Adapt & Much More


“Snakes that fly; geckos that walk on walls; blindfolded seals that track swimming objects by following their invisible wakes. These are among the ‘weird and wonderful’ discoveries in nature that are helping scientists find ways to improve human technology, writes the author of this meticulous, well-written book.” Here’s a review of science writer Amina Kahn’s Adapt: How Humans Are Tapping into Nature’s Secrets to Design and Build a Better Future.

[Dan] Chaon is no stranger to humanity’s darker side. It’s almost as if he writes in blood rather than ink, creating a body of work featuring malicious intent.” Here’s the author of Ill Will.

“Yes, there is a revival underway, and I’m so glad to see it happening, because I’ve worked hard for [Albert] Murray’s legacy for several years, alongside Murray’s literary executor, Lewis P. Jones.” The centennial year for a singular writer.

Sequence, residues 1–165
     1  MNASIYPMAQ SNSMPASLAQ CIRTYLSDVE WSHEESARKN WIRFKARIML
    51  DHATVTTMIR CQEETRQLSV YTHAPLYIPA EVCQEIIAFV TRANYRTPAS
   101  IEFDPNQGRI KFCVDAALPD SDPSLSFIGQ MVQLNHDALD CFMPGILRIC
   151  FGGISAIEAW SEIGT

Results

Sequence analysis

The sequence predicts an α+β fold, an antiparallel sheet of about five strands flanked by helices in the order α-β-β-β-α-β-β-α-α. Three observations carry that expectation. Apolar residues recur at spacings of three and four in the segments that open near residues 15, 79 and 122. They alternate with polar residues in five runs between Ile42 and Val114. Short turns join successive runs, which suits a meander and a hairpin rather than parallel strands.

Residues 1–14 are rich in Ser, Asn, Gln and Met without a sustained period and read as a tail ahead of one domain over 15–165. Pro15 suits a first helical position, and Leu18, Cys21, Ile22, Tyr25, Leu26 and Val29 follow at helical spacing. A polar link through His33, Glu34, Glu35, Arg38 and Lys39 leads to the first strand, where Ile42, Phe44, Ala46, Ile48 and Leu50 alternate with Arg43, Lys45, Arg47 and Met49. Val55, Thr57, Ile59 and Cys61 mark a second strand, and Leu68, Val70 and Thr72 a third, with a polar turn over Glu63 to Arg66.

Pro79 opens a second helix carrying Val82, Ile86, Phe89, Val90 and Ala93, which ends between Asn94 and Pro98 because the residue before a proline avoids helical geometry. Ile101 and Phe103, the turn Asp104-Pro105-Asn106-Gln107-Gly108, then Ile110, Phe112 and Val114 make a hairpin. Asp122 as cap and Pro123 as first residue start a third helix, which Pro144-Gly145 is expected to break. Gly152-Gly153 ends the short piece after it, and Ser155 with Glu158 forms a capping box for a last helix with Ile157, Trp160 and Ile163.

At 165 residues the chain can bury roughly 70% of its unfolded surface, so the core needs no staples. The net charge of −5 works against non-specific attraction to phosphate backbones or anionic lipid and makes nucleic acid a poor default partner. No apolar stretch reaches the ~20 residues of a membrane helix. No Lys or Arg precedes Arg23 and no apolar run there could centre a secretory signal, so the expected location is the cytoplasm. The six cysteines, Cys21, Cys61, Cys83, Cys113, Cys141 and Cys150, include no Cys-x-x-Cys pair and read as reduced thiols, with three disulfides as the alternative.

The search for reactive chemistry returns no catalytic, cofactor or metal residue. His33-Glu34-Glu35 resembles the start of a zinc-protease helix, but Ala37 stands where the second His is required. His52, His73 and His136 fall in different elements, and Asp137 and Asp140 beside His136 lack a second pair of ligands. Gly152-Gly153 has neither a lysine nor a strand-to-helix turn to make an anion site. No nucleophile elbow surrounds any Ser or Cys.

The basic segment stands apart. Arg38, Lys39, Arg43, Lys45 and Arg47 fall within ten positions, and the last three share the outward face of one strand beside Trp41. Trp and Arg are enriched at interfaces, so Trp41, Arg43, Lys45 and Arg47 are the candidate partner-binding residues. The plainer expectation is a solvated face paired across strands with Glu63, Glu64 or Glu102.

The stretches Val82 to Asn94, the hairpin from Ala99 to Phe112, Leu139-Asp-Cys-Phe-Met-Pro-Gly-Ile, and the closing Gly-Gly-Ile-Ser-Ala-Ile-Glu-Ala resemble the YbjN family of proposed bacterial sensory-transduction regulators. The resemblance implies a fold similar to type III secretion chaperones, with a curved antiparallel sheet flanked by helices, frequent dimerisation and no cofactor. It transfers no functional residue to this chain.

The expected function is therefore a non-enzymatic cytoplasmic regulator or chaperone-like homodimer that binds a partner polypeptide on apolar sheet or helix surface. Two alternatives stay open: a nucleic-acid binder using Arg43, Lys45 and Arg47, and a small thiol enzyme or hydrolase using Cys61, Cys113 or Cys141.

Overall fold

“Is it possible to write a coming of age novel when your main character is 39 years old? Jami Attenberg attempts just that in her new novel All Grown Up.”

Some two million Americans are enrolled in for-profit colleges, up from 400,000 in 2000. Those students, most of them working adults getting short-term certificates, are disproportionately nonwhite and female. They graduate with more debt than students who have attended public and nonprofit institutions, and are more likely to default on their loans. It is taxpayers who are financing the expensive and often academically inferior education that for-profit colleges provide. Ninety-four percent of for-profit students pay tuition with federal student loans.” Here’s a review of Lower Ed: The Troubling Rise of For-Profit Colleges in the New Economy.


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